How to Update Your Social Media Profiles for Your Job Search

Even before you walk in for an interview, you can assume that the recruiter has seen your face. There are pictures of you online — and we’re not just talking about the professional one on your LinkedIn profile.

The beauty of social media is that it allows us to connect with family members and friends. We can share countless funny stories and silly pictures, which our loved ones are sure to give a virtual thumbs-up. But what will employers think of them? Without an explanation, does some of your social media activity seem a little…unprofessional?

If you think the answer to the last question is “yes,” then listen closely — these are our best tips for sprucing up your social media presence before a big interview. They might even help you get that interview in the first place!

In General

A few tips apply across all social media:

  • Rewrite your bio: When’s the last time you’ve updated your bio on your Facebook? Twitter? LinkedIn? A lot could have changed since the last time you wrote your elevator pitch, so start by having a look at what’s there now. If it’s no longer representative of your skills, goals and accomplishments, take time to rewrite that summary.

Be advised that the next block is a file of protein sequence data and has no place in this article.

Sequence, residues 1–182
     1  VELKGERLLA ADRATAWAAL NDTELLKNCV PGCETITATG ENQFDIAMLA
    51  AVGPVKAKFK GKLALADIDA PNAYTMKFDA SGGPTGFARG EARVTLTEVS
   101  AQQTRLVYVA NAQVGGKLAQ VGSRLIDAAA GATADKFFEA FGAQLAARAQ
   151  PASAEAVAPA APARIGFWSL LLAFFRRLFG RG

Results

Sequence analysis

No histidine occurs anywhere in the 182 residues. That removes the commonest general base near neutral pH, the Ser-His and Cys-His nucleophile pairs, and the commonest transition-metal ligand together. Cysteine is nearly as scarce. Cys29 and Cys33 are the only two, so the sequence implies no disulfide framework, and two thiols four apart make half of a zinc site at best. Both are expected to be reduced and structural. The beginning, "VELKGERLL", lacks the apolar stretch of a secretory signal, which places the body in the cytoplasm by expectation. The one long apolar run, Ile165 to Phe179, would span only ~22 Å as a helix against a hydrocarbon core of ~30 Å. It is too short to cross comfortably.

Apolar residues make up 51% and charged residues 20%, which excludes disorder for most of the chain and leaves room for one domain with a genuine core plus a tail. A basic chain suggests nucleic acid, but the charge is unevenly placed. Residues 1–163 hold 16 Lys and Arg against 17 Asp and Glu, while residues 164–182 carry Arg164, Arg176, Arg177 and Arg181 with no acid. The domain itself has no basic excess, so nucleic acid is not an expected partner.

• Swap out your profile picture: Brush the dust off of an old headshot too. Before your interview, upload a new, professional pic that shows what you look like now. Not only will a classy photo increase the chances that you’ll get a face-to-face, but it’ll help the interviewer recognize who you are when you arrive for your appointment.
  • Pick a better banner: Finally, evaluate the banner image on your social media site(s) to round out your very general refresh. You can add a rectangular, decorative picture on LinkedIn that shows off something you’ve accomplished or speaks to your expertise in your field. As for Facebook and Twitter, make sure the image you have doesn’t say too much about you outside of work — keep in mind that potential employers will undoubtedly look at your profile and evaluate these images as well.

On Facebook

Facebook is a huge one, and you need to keep the following in mind:

  • Recheck your privacy settings: If you haven’t heard, Facebook had to publicly apologize for a data breach — your profile may have been affected. So it’d be good practice to evaluate your page’s privacy settings to see just what you’re sharing with apps as well as with strangers who happen upon your profile. The more personal information you keep private, the better. That way, you can let your in-person impression be the first one you make on employers who might check out your Facebook page before they meet you.
  • Delete unnecessary apps, pages and pictures: Let’s face it — we all used Facebook differently in college. We used silly apps like Farmville to pass the time, and we “liked” funny pages and groups. Even if these types of things no longer entertain us or manage to catch our attention, they’ll undoubtedly give pause to a recruiter, who might see them as potential holes in your professionalism. The same goes for over-the-top pictures of you or images that show you engaging in unsavory extracurriculars. Always err on the side of caution by either deleting unprofessional pics or hiding them so that they’re visible only to you.